Kids bring their passion for politics to Denverby Nikki Tundel, Minnesota Public Radio
The media have been talking a lot about demographics this week. What are Hillary Clinton supporters thinking? What about working-class voters in key swing states?
Minnesota Public Radio decided to poll a rarely heard group -- the 10-and-under set.
St. Paul, Minn. — Behind the group condemning homosexuals and next to those calling for the imprisonment of George Bush stands Mylee. She's 5. And she's wearing a bright green frog mask.
Like thousands of others in Denver, Mylee has come out to protest.
Why? "Because frogs are dying and I love animals," she says.
Mylee's dad let her miss a day of kindergarten so she could, as he says, learn more about democracy.
Her 7-year-old sister Malia seems a little overwhelmed by all the adults screaming into bullhorns, but she loves seeing all the people wearing Barack Obama t-shirts. She's a big supporter of the Democratic nominee.
"I think he's gonna win and I think he's really good," Malia says.
So what does she like about Obama?
"Um, his speeches," she says.
At least in a highly unscientific sample of the under-5th grade demographic, it was hard to find a John McCain supporter, and Malia isn't the only Obama supporter who's nowhere near voting age.
Nine-year-old Tucker is wearing a "Democrats in '08" shirt dotted with Barack Obama buttons.
"I like Obama and I don't McCain very much because he's 95 percent George Bush," Tucker says.
With him is Sage, also 9 years old, who's on a mission to find "coolest" Obama campaign sign. And just what is it that she likes about the Illinois Senator?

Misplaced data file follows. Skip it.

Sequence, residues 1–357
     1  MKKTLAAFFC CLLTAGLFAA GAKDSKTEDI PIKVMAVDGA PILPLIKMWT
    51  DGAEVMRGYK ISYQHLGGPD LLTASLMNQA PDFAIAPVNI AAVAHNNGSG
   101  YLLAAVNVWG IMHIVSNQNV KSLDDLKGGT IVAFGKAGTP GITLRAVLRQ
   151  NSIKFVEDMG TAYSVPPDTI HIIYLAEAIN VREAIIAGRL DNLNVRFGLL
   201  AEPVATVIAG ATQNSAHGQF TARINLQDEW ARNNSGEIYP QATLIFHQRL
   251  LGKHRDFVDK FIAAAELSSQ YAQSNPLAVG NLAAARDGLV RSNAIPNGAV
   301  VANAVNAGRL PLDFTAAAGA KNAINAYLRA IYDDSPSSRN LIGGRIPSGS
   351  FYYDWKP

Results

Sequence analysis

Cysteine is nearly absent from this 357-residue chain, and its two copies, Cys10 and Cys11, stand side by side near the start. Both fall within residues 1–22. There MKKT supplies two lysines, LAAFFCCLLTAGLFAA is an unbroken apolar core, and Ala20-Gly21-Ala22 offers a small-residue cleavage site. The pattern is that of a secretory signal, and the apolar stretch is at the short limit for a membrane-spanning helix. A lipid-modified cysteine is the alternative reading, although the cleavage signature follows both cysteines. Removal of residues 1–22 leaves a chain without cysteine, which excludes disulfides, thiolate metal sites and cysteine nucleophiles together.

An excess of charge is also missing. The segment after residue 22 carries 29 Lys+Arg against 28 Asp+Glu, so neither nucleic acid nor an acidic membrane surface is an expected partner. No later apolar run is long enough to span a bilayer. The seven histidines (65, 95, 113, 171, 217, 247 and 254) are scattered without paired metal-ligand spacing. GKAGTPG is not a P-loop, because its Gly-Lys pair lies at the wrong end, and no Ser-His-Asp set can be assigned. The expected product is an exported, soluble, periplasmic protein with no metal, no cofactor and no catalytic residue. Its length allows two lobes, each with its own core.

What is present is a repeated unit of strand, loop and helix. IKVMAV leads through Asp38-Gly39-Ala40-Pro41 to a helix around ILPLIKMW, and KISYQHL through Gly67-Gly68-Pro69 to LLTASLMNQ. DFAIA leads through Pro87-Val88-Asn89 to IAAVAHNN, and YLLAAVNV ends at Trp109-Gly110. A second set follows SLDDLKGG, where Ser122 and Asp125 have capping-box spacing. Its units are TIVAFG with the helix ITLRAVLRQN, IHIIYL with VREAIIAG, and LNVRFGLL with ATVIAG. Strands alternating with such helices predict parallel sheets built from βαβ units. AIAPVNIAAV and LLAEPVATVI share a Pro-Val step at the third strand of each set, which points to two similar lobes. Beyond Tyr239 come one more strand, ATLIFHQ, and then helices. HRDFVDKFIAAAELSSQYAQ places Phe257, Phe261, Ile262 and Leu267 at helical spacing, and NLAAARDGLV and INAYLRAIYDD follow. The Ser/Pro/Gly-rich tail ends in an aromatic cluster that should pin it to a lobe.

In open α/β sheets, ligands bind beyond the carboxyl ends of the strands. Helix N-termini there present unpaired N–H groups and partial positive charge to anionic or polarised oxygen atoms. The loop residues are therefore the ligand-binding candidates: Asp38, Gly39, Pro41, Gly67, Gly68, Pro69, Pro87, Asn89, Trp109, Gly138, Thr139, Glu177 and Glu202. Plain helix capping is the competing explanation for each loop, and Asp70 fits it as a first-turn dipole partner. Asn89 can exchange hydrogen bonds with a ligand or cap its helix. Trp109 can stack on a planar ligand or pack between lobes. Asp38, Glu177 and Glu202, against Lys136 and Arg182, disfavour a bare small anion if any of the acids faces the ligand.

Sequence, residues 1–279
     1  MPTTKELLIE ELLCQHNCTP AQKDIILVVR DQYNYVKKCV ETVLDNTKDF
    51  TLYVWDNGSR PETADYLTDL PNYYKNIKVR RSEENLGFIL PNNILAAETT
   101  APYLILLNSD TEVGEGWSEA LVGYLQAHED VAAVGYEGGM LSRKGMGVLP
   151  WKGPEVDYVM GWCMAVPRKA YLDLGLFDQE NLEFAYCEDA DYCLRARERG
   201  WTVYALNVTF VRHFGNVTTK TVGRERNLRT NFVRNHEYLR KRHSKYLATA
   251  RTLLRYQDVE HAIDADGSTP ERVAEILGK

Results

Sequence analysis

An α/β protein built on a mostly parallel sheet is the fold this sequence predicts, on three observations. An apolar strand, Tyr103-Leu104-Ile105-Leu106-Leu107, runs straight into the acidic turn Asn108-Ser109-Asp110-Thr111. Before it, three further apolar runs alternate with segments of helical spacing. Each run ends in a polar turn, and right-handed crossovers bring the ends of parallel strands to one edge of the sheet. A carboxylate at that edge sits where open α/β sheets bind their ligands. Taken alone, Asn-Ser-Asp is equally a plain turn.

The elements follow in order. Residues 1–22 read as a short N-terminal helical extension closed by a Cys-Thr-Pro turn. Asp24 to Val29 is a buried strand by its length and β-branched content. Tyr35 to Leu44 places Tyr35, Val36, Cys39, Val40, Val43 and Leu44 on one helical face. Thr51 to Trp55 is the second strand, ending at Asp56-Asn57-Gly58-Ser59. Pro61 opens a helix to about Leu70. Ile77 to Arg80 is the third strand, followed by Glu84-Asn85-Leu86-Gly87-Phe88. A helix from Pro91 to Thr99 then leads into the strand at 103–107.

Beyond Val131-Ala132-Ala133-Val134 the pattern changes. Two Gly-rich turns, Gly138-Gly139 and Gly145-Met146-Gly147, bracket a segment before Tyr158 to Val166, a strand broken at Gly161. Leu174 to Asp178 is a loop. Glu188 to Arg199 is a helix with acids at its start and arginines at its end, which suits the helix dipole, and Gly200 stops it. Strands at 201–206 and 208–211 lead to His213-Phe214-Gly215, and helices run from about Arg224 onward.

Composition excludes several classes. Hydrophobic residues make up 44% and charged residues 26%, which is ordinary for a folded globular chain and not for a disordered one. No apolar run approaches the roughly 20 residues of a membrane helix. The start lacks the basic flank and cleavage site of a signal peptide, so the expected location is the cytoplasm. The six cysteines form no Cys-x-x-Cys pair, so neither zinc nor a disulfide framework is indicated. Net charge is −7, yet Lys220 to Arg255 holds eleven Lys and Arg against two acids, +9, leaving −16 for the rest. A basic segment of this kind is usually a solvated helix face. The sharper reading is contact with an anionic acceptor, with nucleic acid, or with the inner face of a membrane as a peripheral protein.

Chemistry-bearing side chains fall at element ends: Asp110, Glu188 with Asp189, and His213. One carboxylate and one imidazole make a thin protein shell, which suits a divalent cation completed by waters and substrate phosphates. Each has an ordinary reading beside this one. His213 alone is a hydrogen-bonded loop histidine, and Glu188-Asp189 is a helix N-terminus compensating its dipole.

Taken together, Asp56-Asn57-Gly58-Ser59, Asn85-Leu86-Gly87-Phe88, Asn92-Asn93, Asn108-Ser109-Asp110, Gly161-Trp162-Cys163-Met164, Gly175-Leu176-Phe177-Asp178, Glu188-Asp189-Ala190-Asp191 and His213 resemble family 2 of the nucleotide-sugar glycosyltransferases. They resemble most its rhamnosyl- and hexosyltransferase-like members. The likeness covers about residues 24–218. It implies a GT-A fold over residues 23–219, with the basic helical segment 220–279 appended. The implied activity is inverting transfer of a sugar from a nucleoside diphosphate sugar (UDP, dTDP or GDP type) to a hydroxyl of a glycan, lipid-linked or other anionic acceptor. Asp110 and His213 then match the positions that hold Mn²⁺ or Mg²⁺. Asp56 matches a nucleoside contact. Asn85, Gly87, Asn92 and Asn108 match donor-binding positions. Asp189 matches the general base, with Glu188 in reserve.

"He seems like he could help America," she says.
When Sage is asked what is wrong with America that needs help, Sage says, "Well, I'm not sure."
That's when Tatum, age 3, jumps in.
"George Bush is a bad president."
It's possible that Tatum's politics have been influenced by her parents. But that's not the case for 9-year-old Geneva. The Denver resident begged her mom to take her downtown so she could experience the DNC scene.
Geneva stands in the aisle of a light rail train beaming and clutching a piece of paper. On it is an autograph she picked up today, the signature of a delegate whose name escapes her at the moment. She'll try to decipher it later so she can include the name in an extra-credit report she volunteered to write. The topic of the essay: why I love politics.
"Well, I like it because it's kinda fun to see who wins or not," Geneva says. "It's fun cause you get to vote in your head even if you don't really get to vote. "
And not only does Geneva like Barack Obama's political platform, she says he's got a name that's just really fun to say.
- All Things Considered, 08/28/2008, 4:21 p.m.